Last Updated on December 16, 2023 by Kimberly Crawford
A tree’s influence begins at the roots. As the tree begins to mature, the root will continue to grow, moving towards moisture and nutrients that will help to keep the tree alive.
Tree roots will look for moist soil, which is why it’s crucial that you understand the impact of any trees that are planted at your property.
When trees are searching for water, the roots could cause damage to the property by finding entry to stormwater drains, water mains, sewage pipes and more.
Ground Movement Caused by Trees
Throughout the changing of the seasons, the changes in the weather and environment can have a huge impact on how the trees interact with the environment around them.
In the summer, when there is less rain, the soil might dry out, which can cause reactive clays to shrink. As a result, this can lead to significant ground movement, settlement of the foundation, and in some extreme cases, subsidence.
When on the property, trees can worsen this process as the roots search for further moisture. The roots will extend through the dry soil, absorbing any remaining water from the soil that has already been dried out, further desiccating the ground. As a result of this, a range of worrisome subsidence signs like cracks in brick walls, distorted timber frames, jammed doors and windows, and more can appear.
If you have trees on your property, tree surveys can help you find out more about how these might have an impact. Click here for everything you need to know about tree surveys.
Types of Trees
Tree activity can vary throughout the year depending on the types of trees present. Because of this, it’s important to identify the different types of trees that are growing near your property and other structures. Deciduous trees, for example, will hibernate during the winter before they grow again throughout the spring.
The water demand of these trees, as a result, will be highest during the summer months, which can significantly increase the risk of soil shrinkage. You can also determine how much moisture the root of a tree is likely to absorb by looking at the tree’s physical characteristics. The leaf area is filled with clues regarding the tree’s demand for moisture.
Groupings of Trees
If your property has a range of trees that are placed closely together, this can also be a situation that might be concerning. When trees are planted close together, they may often begin competing with one another for the moisture and nutrients that are available from the surrounding soil.
The larger the group, the bigger the impact on the soil in the environment and the more likely it will be to dry out. Because of this, if your property is located close to a medium or large group of trees that are planted together, it might be at a higher risk of certain adverse ground conditions as the trees fight to absorb as much moisture as possible.
The Local Environment
There are several local environmental factors that might have an impact on how much moisture the soil underneath can get, and how the tree roots react to this. Roads, footpaths, and other developments with a lack of green space can be particularly problematic when it comes to preventing tree roots from getting the moisture that they need.
Since there is a lack of permeability, this can often result in drier soil conditions, forcing the tree roots to use the limited amount of moisture available to them.
Ultimately, this can lead to further soil shrinkage and more ground movement. This can often be quite a common occurrence where trees are planted for aesthetic reasons such as ‘green scaping’ where the degree of exposed soil and the moisture available in the soil is not considered.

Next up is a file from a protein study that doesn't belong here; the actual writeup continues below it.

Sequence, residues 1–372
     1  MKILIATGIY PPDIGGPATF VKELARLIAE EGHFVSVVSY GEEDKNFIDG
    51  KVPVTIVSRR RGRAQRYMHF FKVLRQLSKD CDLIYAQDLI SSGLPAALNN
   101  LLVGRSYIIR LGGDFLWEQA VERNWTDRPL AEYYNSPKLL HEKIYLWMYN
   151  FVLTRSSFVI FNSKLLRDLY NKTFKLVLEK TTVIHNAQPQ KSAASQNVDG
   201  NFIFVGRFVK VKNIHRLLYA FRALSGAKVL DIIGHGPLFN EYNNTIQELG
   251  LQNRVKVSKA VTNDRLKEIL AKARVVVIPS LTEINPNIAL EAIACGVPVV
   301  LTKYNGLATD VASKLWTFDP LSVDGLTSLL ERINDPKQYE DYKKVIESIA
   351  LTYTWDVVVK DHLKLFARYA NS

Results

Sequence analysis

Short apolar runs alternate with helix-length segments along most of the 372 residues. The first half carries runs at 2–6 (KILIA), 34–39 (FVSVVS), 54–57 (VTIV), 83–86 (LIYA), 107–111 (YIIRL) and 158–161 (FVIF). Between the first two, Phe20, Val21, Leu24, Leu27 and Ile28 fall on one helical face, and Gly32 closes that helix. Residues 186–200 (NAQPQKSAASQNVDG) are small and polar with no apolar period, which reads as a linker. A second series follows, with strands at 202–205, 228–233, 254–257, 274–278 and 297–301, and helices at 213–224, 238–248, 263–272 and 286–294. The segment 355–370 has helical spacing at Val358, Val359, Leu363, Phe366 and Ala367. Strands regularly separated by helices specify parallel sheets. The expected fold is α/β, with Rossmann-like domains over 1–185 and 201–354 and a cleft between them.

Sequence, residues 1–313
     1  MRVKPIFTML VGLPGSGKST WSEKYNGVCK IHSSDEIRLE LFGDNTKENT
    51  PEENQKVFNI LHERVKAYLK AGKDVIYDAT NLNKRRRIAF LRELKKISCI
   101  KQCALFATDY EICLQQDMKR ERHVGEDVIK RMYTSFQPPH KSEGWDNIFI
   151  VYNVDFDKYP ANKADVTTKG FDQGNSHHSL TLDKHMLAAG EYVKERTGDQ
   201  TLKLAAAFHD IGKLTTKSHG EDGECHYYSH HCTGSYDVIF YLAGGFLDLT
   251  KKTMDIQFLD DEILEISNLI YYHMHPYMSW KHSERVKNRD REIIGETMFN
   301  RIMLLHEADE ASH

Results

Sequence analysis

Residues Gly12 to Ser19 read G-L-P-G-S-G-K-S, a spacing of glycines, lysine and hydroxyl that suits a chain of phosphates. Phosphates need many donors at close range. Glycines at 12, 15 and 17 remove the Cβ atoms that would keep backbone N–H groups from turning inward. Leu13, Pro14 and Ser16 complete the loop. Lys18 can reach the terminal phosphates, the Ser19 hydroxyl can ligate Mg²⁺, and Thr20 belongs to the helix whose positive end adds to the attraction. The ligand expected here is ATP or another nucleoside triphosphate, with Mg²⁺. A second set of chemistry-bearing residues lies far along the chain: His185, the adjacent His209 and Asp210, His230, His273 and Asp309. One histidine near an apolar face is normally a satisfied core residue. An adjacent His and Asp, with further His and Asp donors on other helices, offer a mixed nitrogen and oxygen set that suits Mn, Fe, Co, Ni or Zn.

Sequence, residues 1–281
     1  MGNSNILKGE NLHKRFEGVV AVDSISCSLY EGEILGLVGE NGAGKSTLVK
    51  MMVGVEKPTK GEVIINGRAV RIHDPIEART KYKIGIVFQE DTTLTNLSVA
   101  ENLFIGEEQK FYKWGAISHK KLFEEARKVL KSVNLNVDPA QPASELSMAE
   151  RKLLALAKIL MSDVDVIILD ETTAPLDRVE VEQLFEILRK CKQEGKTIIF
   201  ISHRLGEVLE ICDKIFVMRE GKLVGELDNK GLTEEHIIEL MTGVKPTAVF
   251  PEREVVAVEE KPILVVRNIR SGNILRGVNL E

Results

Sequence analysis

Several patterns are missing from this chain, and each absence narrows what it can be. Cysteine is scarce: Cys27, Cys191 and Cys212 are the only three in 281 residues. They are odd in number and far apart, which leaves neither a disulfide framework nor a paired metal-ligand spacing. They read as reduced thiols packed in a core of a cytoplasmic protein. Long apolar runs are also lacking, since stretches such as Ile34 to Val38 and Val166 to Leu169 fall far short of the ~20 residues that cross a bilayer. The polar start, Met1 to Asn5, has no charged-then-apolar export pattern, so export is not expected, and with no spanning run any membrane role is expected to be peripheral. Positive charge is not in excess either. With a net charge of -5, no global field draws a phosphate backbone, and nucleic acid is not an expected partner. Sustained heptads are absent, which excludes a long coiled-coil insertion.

How Trees Can Add Value to Your Property
Whether you’re buying a new property, looking to sell a property, or thinking about building or renovating a property that is close to trees, it’s worth knowing how the presence of trees can impact the value.
There are several ways that trees can add value to your property, including added privacy for your home or garden space, which can often be a main selling point as lots of people like the idea of not being too exposed at home. Along with this, trees can also offer shade and protection from debris to the home.
When they are maintained correctly, trees can make it easier to enjoy an outdoor space by providing a shady area and may even improve the energy efficiency of a property. They can also defend your home against debris during poor weather conditions that may have otherwise damaged the property.
How Trees Can Decrease the Value of Your Property
While there are several ways that trees can add to the value of your property, it’s also important to take into consideration that they can reduce the value as well. Ground movement is one of the biggest reasons for trees to reduce the value of your property, as this can be a very costly issue to fix.
The value of your property might be decreased if, during the drier months, trees are using up all the moisture in the soil, leading to ground movement and more serious issues such as subsidence.
Along with this, trees can sometimes cause property damage. This is usually more likely to be the case when the trees are not correctly maintained. Falling branches, or even the entire tree falling down, can cause serious damage to your property, which could put potential buyers off from purchasing it at the full asking price. And finally, lots of trees on a property can lead to pests and diseases, which can cause damage to the property, ruin the aesthetics, or even cause a hazard to your own health or that of your family.
While trees look nice near a property, it’s also important to consider the other impacts that they are having. Trees that suck up moisture from the soil during the dry months of the year can lead to a huge range of problems including the risk of subsidence.